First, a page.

Sigmar Polke Painting Worth Millions Bought for $90 in Texas Thrift Store

The work could be worth millions.

Ray Riley believes this painting he bought at a thrift store is by Sigmar Polke. Photo courtesy of Ray Riley.

A flea market find may mean a big payout for a Texas man. Ray Riley believes that the canvas he picked up for a mere $90 earlier this year is an authentic Sigmar Polke painting.

Polke has had a resurgence over the past few years, with a retrospective of his work at MoMA this past year and a new record for his work set at auction in May this year when it sold for $27.1 million at Sotheby’s New York (prior to that, the record was $9.2 million, set in 2011).

The piece had been available for sale at the Guild Shop in Houston for 104 days when Riley, a regular visitor to the shop, pulled the trigger on the purchase on May 17.

When he took the work home, Riley removed the frame to examine his acquisition, and found the letters “S Polke” written on the corner.

“I got very nervous and started trembling. I ended up hiding the painting for a couple weeks,” he told ABC News. Riley began researching the German artist, and is now confident that he is a possession of a genuine Polke.

Remarkably, the thrift store is also currently offering a painting by William Gay Yorke for sale with an $18,000 price tag, showing that you never know what someone will unknowingly get rid of. If the Polke proves to be authentic, it could be worth considerably more than that, with ABC citing a $2-7 million range.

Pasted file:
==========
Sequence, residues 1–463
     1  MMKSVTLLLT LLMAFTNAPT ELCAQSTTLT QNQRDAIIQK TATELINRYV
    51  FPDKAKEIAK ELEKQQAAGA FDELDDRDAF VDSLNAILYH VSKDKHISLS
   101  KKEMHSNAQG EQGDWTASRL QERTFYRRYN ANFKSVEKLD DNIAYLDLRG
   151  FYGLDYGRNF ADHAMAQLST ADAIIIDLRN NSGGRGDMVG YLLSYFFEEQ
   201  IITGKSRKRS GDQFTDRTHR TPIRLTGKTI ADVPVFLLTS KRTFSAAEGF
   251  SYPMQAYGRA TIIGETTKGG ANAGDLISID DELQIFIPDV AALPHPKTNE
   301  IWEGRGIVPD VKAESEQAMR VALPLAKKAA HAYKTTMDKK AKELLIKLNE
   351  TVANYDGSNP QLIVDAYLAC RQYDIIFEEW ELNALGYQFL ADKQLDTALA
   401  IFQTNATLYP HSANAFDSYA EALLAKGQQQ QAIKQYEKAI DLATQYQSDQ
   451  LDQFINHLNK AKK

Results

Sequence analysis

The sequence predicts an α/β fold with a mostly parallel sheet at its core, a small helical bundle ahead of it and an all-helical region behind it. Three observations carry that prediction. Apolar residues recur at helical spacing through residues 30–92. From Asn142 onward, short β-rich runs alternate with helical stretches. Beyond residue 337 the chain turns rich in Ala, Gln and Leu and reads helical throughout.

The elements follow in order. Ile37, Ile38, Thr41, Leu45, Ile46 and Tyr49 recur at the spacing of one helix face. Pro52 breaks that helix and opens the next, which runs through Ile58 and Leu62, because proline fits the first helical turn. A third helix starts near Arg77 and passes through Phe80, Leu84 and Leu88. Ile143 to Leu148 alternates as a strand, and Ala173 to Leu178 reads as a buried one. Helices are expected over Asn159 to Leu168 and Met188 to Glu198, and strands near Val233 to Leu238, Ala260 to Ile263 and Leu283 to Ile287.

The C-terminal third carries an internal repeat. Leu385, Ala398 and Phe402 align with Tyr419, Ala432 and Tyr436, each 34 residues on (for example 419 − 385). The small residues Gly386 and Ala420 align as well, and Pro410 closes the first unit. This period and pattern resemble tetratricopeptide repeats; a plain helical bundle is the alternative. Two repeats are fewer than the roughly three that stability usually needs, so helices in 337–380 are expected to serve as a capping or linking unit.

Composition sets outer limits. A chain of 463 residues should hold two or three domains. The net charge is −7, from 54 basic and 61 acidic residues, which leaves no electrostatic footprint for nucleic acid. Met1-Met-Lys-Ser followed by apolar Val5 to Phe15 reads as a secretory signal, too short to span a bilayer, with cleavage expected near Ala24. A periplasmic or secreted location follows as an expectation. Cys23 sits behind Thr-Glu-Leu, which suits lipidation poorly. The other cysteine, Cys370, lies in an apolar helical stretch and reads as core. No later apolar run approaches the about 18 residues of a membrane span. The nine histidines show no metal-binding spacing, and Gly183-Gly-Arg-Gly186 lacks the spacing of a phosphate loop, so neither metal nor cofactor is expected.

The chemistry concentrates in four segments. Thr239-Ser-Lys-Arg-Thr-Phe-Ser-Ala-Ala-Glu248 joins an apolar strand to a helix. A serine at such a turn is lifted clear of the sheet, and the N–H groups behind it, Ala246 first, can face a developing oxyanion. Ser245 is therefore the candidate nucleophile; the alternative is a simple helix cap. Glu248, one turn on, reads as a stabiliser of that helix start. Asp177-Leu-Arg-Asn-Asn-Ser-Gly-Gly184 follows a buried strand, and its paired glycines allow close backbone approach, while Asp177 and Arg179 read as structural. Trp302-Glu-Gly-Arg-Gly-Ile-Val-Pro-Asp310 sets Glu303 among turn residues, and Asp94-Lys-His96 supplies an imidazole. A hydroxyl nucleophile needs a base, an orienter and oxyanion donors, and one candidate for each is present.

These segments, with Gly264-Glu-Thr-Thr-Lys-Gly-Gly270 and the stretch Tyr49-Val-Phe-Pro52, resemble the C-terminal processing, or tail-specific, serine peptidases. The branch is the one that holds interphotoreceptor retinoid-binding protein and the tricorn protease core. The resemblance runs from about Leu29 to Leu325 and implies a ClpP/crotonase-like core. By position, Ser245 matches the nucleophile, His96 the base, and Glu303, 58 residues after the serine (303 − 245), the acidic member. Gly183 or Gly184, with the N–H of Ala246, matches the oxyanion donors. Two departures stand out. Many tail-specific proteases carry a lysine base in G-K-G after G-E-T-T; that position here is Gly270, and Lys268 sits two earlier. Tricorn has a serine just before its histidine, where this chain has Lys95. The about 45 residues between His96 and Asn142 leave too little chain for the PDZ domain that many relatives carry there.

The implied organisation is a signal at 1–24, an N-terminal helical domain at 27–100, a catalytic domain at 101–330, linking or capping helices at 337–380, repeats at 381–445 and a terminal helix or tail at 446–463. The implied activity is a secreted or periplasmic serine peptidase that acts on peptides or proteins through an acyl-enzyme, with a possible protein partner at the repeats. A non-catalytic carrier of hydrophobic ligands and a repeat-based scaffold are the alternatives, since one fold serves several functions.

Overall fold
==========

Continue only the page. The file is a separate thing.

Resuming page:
“We have hundreds of art pieces that come through all the time and we obviously don’t know if some of them are worth millions,” the store’s executive director, Gaye Jackson, told ABC.

Though Riley has high hopes for authenticating and selling the painting, such bargain finds don’t always turn out to have happy endings.

In 2012, Pierre-Auguste Renoir‘s On the Shore of the Seine (Paysage Bord du Seine) (circa 1879), turned up at auction, courtesy of a woman who claimed to have bought it for $7 at a flea market.

As it turned out, the tiny oil painting had been stolen from the Baltimore Museum of Art (BMA) in 1951. After a protracted legal battle, the work was returned to the BMA this past March.

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